July 7, 2016

While very concise and powerful, GHC’s intermediate language, Core is very rich and hard to tame. This post is about my quest to understand and manipulate Core while implementing an abstract machine to interpret the language (more on which *maybe* later).

I will first describe Core in its latest incarnation and motivate the need for understanding and using it. Then I will discuss my endeavours while using the language. Finally I will go over some of the difficulties I encountered along the way.

Like many modern compilers the Glasgow Haskell compiler (GHC) is built as a pipeline of consecutive program transformations. While we won’t go over the compiler in details, GHC’s pipeline parses, typechecks, desugars and finally simplifies the code. When desugaring the code, GHC converts all plain Haskell source code into a much simpler language, GHC Core.

Core is an explicitly typed functional language based on System Fc, a “variant of System Fw with equality constraints and coercions. In GHC, Core is indeed a very simple language:

```
type CoreExpr = Expr Var
data Expr b -- "b" for the type of binders,
= Var Id
| Lit Literal
| App (Expr b) (Arg b)
| Lam b (Expr b)
| Let (Bind b) (Expr b)
| Case (Expr b) b Type [Alt b]
| Cast (Expr b) Coercion
| Tick (Tickish Id) (Expr b)
| Type Type
type Arg b = Expr b
type Alt b = (AltCon, [b], Expr b)
data AltCon = DataAlt DataCon | LitAlt Literal | DEFAULT
data Bind b = NonRec b (Expr b) | Rec [(b, (Expr b))]
```

Then, together with a simple type for binders

```
data Bind b = NonRec b (Expr b)
| Rec [(b, (Expr b))]
```

a Haskell program gets desugared into a `CoreProgram`

which is simply a synonym for `[CoreBind]`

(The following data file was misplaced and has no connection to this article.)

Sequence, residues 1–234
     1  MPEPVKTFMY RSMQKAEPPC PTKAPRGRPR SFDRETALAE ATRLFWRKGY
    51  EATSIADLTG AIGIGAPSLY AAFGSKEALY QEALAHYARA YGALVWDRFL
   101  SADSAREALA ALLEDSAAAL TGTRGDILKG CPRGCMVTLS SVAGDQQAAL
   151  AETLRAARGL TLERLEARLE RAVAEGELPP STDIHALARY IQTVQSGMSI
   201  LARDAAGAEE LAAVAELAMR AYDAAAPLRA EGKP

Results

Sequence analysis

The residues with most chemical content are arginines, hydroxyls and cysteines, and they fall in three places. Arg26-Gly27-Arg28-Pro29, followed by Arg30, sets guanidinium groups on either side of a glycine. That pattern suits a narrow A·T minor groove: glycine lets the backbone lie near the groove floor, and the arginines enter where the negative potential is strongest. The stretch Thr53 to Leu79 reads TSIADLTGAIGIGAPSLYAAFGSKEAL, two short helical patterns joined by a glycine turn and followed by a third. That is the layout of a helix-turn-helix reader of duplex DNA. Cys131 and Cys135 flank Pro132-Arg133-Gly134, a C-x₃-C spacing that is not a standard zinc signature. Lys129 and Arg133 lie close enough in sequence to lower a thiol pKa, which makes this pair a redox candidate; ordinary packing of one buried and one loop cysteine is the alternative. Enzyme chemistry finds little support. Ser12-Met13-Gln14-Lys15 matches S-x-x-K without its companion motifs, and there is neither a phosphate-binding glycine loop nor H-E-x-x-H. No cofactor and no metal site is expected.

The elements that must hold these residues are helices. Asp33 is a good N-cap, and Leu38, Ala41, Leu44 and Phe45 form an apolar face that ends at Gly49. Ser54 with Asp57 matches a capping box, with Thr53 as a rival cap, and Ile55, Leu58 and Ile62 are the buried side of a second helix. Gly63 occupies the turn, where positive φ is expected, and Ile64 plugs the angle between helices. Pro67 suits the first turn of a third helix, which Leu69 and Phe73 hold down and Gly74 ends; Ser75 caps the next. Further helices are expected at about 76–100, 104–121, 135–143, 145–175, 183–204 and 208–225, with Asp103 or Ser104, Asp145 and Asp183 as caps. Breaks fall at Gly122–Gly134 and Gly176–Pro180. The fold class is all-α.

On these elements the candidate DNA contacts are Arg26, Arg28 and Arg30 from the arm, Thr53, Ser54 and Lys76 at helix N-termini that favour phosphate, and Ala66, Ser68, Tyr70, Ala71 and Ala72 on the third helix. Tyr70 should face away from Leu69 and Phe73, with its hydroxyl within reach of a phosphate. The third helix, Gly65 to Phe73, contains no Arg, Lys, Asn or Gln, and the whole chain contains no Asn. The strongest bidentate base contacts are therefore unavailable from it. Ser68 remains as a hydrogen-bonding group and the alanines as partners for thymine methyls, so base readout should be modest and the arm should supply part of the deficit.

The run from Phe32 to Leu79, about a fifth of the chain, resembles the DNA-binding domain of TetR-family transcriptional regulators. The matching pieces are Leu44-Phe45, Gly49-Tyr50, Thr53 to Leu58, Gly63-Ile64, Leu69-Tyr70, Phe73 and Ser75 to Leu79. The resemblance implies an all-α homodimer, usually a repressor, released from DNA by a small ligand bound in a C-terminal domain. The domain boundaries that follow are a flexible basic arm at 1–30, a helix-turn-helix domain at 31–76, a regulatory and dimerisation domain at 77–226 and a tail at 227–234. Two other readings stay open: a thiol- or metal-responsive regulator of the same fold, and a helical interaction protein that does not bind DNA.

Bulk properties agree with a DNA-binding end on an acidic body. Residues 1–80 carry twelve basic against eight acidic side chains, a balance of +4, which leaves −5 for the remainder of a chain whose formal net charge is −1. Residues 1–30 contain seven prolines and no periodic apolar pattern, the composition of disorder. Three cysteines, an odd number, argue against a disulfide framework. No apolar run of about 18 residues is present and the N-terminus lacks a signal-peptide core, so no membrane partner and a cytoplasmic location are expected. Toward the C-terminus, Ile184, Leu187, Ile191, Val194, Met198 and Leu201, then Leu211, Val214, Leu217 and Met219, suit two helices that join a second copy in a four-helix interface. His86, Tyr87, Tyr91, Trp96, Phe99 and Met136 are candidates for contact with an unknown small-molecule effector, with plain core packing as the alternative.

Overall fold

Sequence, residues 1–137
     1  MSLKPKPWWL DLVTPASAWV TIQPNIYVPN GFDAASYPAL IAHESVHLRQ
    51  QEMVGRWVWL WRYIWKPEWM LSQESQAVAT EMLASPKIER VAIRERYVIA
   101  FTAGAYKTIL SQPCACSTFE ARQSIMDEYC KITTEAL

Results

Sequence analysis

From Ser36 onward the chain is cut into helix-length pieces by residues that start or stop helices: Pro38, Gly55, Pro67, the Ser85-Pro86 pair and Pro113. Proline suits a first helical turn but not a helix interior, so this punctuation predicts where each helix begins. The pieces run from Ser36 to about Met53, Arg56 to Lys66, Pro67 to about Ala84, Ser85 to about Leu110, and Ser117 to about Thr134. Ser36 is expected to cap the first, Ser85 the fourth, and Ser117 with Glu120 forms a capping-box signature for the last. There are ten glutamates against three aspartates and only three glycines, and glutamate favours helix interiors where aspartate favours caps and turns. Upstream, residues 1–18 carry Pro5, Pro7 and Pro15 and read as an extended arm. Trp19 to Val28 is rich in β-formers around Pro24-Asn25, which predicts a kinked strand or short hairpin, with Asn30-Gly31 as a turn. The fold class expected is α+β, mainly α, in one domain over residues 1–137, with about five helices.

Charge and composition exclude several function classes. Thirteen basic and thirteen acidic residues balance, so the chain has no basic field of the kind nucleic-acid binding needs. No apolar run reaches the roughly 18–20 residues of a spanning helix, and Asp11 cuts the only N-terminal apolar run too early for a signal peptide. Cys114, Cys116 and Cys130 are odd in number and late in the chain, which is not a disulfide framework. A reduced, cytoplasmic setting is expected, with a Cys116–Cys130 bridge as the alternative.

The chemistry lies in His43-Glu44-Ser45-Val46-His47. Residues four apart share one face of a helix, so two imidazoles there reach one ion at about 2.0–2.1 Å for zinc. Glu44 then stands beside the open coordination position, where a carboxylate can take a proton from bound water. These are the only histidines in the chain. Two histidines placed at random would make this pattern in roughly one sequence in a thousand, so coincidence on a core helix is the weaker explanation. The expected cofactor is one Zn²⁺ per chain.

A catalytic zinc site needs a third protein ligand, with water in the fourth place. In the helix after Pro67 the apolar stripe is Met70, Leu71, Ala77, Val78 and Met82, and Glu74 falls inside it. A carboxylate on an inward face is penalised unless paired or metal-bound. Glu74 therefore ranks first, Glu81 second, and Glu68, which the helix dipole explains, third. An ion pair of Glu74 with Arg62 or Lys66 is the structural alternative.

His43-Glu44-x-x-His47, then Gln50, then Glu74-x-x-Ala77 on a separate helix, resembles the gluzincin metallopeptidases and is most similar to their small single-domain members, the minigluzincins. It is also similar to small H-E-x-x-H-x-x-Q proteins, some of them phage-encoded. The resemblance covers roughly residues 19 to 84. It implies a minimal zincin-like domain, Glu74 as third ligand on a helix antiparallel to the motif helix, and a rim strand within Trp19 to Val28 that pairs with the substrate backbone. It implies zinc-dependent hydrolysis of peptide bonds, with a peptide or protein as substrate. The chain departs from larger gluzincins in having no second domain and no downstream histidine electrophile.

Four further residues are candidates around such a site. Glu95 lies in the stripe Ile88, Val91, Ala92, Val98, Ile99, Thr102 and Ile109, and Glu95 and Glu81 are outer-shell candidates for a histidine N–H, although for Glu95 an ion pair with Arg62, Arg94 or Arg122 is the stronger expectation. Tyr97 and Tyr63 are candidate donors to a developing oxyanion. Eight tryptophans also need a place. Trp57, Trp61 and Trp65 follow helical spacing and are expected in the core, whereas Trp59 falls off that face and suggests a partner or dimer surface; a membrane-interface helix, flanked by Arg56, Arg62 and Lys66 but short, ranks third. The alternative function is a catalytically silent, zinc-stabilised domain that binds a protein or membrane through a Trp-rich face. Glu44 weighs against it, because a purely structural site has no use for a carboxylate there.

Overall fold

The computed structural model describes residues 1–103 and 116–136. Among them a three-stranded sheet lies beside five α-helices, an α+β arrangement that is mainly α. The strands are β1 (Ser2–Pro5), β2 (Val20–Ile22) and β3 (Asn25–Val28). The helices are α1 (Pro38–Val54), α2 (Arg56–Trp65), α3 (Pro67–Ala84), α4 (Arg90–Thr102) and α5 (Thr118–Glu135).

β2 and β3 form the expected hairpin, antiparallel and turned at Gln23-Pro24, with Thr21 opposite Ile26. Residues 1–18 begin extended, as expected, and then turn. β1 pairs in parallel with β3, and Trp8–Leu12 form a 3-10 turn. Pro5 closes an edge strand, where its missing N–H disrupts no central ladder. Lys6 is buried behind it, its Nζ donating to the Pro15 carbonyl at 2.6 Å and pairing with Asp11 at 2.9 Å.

, which in turn is a synonym for `Bind CoreBndr`

where `type CoreBndr = Var`

.

The importance of this language lies in its simplicity: since it is much simpler than pure Haskell, applying transformations to a Core program should be a much simpler task. So simple, in fact, that GHC provides an API to enable developers to write their own compiler plugins. This is a great deal given that we can insert our plugin at any stage of the optimization pipeline to apply the transformation(s) we want.

There are several good examples of plugins such as the Herbie plugin that “improves the numerical stability of Haskell programs”, or this plugin which enables to make functions (previously annotated) strict.

Despite its simplicity, taming Core can be hard.

First of all, while there is an API, the documentation is poor and there is a generalized lack of examples. This is understandable (up to a point) given that writing compiler plugins is not a common task and something that not even the most experienced Haskell programmers would do on a normal day (I guess).

The most up to date description of the language, as far as I am aware is “An external representation of GHC Core”, a description of Core as used in GHC 6.10. Considering that we are already in GHC 8, this is not a promising outlook given that outdated documentation makes it even harder to read and understand a Core program such as produced by the flag `ddump-ds`

.

Take for example the following simple program:

```
-- Example.hs
module Example where
factorial :: Integer -> Integer
factorial 0 = 1
factorial n = n * factorial (n-1)
```

Compiling with `ghc -c -ddump-ds Example.hs`

gives us the following:

```
==================== Desugar (after optimization) ====================
Result size of Desugar (after optimization)
= {terms: 20, types: 8, coercions: 0}
Rec {
factorial [Occ=LoopBreaker] :: Integer -> Integer
[LclIdX, Str=DmdType]
factorial =
\ (ds_dKE :: Integer) ->
case ==
@ Integer
integer-gmp-1.0.0.0:GHC.Integer.Type.$fEqInteger
ds_dKE
(__integer 0)
of _ [Occ=Dead] {
False ->
(\ _ [Occ=Dead, OS=OneShot] ->
* @ Integer
GHC.Num.$fNumInteger
ds_dKE
(factorial
(- @ Integer GHC.Num.$fNumInteger ds_dKE (__integer 1))))
GHC.Prim.void#;
True -> __integer 1
}
end Rec }
```

This code dump contains a lot of information about the Haskell source code but, the untrained developer will have a hard time deciphering all the bits and pieces of this text. Since my attempt here is not to teach you the “basics” of Core but rather, understanding how to manipulate it, you can check Stephen Diehl’s introduction to Core to get you started.

We are now ready to play with the language.